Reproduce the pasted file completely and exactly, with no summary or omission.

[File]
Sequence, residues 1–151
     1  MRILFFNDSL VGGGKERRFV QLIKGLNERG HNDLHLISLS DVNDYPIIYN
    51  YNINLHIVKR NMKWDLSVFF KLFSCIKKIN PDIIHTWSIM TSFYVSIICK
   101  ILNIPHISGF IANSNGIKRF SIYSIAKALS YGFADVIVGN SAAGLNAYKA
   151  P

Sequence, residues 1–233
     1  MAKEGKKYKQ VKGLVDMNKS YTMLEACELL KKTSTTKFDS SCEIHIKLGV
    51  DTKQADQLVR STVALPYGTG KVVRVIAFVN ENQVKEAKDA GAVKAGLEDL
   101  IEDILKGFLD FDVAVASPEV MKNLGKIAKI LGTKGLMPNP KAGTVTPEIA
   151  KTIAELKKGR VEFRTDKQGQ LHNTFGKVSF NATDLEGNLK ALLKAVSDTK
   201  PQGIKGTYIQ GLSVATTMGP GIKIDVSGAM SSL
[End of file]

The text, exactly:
Sequence, residues 1–151
     1  MRILFFNDSL VGGGKERRFV QLIKGLNERG HNDLHLISLS DVNDYPIIYN
    51  YNINLHIVKR NMKWDLSVFF KLFSCIKKIN PDIIHTWSIM TSFYVSIICK
   101  ILNIPHISGF IANSNGIKRF SIYSIAKALS YGFADVIVGN SAAGLNAYKA
   151  P

Sequence, residues 1–233
     1  MAKEGKKYKQ VKGLVDMNKS YTMLEACELL KKTSTTKFDS SCEIHIKLGV
    51  DTKQADQLVR STVALPYGTG KVVRVIAFVN ENQVKEAKDA GAVKAGLEDL
   101  IEDILKGFLD FDVAVASPEV MKNLGKIAKI LGTKGLMPNP KAGTVTPEIA
   151  KTIAELKKGR VEFRTDKQGQ LHNTFGKVSF NATDLEGNLK ALLKAVSDTK
   201  PQGIKGTYIQ GLSVATTMGP GIKIDVSGAM SSL